A company's revenue affects various working capital accounts, which include inventory, accounts receivable and accounts payable. Revenue increases may have a positive or negative effect on working capital accounts depending on how quickly the company converts sales into cash or current assets to support its current liabilities.
Working capital is equal to current assets less current liabilities. A company with positive working capital has enough short-term assets to pay off its current liabilities. A company with a negative working capital position cannot meet its short-term obligations with its current assets. Working capital ratios measure management's operating efficiency. Two ratios that utilize working capital accounts include the current ratio (current assets / current liabilities) and quick ratio ([current assets minus inventories] / current liabilities). A ratio greater than 1 is a good indication of the company's ability to manage short-term financial obligations.
The point in time when a company records a sale impacts its working capital accounts. For example, a company records a sale and funds from the sale immediately in an all-cash business. However, in many instances, revenue recognition does not lead to an immediate influx of cash but rather an accounts receivable, which is a short-term asset.
Working Capital Management
In general, increases in revenue lead to higher accounts receivables, depleting inventories, and possibly higher accounts payable. As the company sells more products, it uses its available inventory. Increases and decreases in accounts payable relate how the company uses short-term financing to fund its operations. An increase in accounts payable indicates company use of vendor financing to finance ongoing operations. Ideally, as the company collects money from its accounts receivable, it uses the proceeds to pay down accounts payable.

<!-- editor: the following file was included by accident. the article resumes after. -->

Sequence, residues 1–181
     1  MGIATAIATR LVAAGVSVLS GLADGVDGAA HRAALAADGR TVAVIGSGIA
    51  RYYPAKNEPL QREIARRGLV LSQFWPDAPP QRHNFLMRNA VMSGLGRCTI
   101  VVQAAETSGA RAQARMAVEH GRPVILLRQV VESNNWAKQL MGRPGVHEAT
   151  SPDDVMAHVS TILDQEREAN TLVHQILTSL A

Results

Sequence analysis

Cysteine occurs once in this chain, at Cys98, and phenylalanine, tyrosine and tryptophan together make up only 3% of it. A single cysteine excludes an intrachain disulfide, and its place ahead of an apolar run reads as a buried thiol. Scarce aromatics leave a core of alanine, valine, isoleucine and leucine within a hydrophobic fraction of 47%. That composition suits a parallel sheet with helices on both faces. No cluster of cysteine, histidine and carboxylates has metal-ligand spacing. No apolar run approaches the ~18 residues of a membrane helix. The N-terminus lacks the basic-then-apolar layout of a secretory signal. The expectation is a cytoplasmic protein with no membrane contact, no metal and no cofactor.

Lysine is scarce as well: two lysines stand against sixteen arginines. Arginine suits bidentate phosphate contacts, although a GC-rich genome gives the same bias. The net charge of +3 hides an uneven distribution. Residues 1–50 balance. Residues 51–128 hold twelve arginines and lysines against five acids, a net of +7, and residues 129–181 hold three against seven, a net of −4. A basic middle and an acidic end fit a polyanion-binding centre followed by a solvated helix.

Merely looking at the effects of increasing or decreasing revenue on working capital is not enough. An analyst must dig deeper into the individual accounts to discover the physical makeup of working capital, which is an indication of the financial health and strength of the company. For example, even though inventory is a current asset, it may be of low quality. Higher inventory level coupled with a declining sales rate may be an indication of outdated inventory. The company may have to offer discounts to customers to rid itself of unwanted merchandise, which puts a squeeze on profit margins. In addition, higher levels of accounts payable coupled with lower levels of accounts receivable is a sign that the company is too reliant on vendor financing or is unable to pay vendors on time. Higher receivables may be an indication that the company is having trouble collecting from its customers.
How to Use the GAAP Allowance Method
No matter how careful any business is in extending credit, there will always be some customers that will not pay their bills....
Capital Expenditure Vs. Revenue Expenditure
Capital expenditures are assets that are acquired to expand business capacity to earn or produce. Costs that are attributed to maintaining earnings...
Useful Financial Tools for Working Capital Management
Working capital is defined as the total current assets, cash, receivables and inventory of a company, minus its current liabilities, which are...
How to Analyze Working Capital Management
Manage and track your inventory. Inventory consists of raw material, work in progress and finished goods.Key things to remember in managing your...
The Effects of a Decrease in Tax Rates on Revenues
Governments raise revenue through taxation and by charging for services. The majority of revenue, however, comes from taxes. Economists are divided on...
Why Would My Credit Score Go Down?
Because your credit score affects your ability to obtain credit and the interest rate you will pay on new credit accounts, it...
Difference Between Capital & Revenue Expenditure
Accounting is a business function where companies record transactions relating to their operations. Accounting rules require companies to follow specific standards ...